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Can Clove Oil Kill It, Why It’s Bad for You, and All Your Other Mould Questions Answered

Mould on clothes

The nonstop rain across New South Wales and Queensland has meant many households are dealing with a common and unpleasant side effect of rain and humidity: mould. Many are finding it growing overnight on clothes, food, furniture and walls, and aren’t quite sure what to do. Or even how, other than looking terrible, it’s affecting them.

So, we’re answering some of your most common mould questions here.

Why Is Mould Bad for You?

Mould can have serious consequences on your health should you not treat it – particularly for those with allergies, explains medical professional Dr Andrew Rochford. As per the National Asthma Council of Australia, higher humidity in the home creates an environment for two of the most common and undesirable triggers for asthma and allergy: dust mites and mould, he notes.

“Moulds produce allergens — substances that can cause allergic reactions — and irritants,” he says. “Inhaling or touching mould or mould spores may cause allergic reactions in sensitive individuals. Allergic responses include hay fever-type symptoms, such as sneezing, runny nose, red eyes, and skin rash.”

Mitsubishi Electric Australia‘s Healthy Home Trends Report found that 6.7 million workdays are lost in Australia each year due to allergy-related sick leave, and people living with pets at home will take, on average, almost twice as many sick days per year.

Who Tends to Be More Sensitive to Mould?

Some people are particularly vulnerable to high humidity and mouldy conditions, especially babies, elderly people, pregnant women and people with respiratory problems, Dr Rochford explains.

“For people with asthma, inhaling mould spores may cause an asthma attack, he says. “If you have a mould allergy and asthma, your asthma symptoms can be triggered by exposure to mould spores. In some people, exposure to certain moulds can cause a severe asthma attack. Signs and symptoms of asthma include coughing, wheezing, shortness of breath and chest tightness.”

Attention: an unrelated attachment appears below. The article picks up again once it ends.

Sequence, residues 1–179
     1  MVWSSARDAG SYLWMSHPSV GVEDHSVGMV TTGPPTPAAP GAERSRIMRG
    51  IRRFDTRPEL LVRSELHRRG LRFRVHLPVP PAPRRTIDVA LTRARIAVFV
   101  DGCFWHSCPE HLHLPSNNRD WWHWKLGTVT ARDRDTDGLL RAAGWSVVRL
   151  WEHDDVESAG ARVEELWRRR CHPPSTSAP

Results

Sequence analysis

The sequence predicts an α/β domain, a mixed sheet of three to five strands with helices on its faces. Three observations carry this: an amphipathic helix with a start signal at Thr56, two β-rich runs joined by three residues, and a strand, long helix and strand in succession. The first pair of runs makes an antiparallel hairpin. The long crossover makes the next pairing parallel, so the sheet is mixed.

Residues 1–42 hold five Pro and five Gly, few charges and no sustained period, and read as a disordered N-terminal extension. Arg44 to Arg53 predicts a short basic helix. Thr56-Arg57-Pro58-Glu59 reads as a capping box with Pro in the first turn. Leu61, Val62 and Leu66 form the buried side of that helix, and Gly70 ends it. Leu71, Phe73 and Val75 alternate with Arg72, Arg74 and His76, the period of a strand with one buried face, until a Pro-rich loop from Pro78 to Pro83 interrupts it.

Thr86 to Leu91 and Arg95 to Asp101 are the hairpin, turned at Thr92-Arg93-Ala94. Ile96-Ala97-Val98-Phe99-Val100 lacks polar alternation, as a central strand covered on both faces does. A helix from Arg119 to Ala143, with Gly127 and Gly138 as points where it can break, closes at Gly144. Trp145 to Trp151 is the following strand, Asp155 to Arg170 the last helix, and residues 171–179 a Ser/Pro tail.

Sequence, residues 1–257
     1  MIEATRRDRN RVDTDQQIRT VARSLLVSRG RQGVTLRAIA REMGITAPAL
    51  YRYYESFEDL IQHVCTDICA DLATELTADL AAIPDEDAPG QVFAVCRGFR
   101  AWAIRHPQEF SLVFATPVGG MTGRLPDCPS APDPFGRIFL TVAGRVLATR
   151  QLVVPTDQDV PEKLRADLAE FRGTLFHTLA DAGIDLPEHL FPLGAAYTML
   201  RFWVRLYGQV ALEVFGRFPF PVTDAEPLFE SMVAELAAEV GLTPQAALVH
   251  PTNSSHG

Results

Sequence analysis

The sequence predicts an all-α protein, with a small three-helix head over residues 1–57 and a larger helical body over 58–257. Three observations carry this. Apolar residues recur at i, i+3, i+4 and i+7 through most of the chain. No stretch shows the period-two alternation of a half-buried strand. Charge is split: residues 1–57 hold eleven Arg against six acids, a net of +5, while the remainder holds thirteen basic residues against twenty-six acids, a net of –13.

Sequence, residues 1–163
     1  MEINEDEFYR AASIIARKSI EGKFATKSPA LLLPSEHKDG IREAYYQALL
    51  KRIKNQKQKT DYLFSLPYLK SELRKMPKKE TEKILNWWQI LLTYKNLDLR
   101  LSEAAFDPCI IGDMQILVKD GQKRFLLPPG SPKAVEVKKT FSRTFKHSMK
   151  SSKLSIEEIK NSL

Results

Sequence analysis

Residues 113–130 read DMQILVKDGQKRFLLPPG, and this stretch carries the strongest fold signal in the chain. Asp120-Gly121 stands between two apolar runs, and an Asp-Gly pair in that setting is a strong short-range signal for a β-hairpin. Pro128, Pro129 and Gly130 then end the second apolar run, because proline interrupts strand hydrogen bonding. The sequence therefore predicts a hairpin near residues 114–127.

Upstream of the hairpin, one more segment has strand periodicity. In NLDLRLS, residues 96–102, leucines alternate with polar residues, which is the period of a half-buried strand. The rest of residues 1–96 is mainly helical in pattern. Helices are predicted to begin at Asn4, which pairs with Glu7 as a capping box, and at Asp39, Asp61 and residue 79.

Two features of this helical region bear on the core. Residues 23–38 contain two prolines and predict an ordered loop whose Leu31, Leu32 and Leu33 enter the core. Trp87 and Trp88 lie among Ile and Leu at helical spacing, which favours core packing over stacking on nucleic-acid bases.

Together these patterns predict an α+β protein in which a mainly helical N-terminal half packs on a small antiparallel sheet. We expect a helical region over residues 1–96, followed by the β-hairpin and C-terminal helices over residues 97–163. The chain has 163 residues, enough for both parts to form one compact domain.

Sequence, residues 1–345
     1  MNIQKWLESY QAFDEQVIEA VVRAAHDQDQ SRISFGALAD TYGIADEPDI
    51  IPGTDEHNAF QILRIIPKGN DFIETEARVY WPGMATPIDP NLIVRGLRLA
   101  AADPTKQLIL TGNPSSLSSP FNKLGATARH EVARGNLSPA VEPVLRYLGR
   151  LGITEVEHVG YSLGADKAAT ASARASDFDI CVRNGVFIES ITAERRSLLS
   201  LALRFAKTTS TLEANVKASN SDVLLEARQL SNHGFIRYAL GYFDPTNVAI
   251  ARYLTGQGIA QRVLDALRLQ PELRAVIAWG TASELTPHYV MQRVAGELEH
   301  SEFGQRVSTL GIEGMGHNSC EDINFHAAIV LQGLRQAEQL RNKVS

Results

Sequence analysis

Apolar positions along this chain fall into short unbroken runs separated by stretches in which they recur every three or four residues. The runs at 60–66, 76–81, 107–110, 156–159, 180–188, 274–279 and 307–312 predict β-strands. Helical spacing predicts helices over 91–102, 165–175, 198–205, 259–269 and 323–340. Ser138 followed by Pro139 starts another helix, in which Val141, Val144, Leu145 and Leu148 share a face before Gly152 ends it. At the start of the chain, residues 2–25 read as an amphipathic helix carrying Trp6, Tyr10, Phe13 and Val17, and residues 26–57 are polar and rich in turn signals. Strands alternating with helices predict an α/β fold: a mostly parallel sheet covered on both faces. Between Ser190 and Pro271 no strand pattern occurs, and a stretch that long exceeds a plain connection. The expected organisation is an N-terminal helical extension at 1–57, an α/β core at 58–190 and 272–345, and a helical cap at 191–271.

Very rarely, people may develop a severe mould infection, usually in the lungs, he says. People with weakened immune systems (such as people with HIV infection, cancer patients taking chemotherapy or people who have received an organ transplant) and with chronic lung diseases (such as Chronic Obstructive Pulmonary Disease (COPD) and emphysema) are more at risk of mould infection particularly in their lungs.

Can Clove Oil Kill Mould?

Clove oil often comes up when talking about how to kill mould, but does it actually do the trick? According to Dr Rochford, yes and no.

“Clove oil is a valuable tool in reducing the effects of mould, in that it helps to kill the mould spores themselves rather than bleaching the visible components,” he says. “However, clove oil can be allergenic, and may prompt allergic responses and asthma symptoms. It will also not remove the visible mould from the surface itself — it will still require manual removal with a bit of scrubbing.”

What’s the Most Common Way to Kill Mould?

Dr Rochford says he wouldn’t recommend using clove oil to kill mould, and would instead recommend a diluted vinegar solution — either applying it directly to the mould or, if it’s clothes the mould is on, washing them in warm solution — or a dehumidifier, which works to extract moisture from the air to keep your home dry and prevent mould from forming. Be sure to keep the windows closed while running dehumidifying equipment, when the outside humidity level is higher.

You might also try vacuuming the item with mould or using a moisture-removing pack, which you can find in supermarkets and hardware stores.

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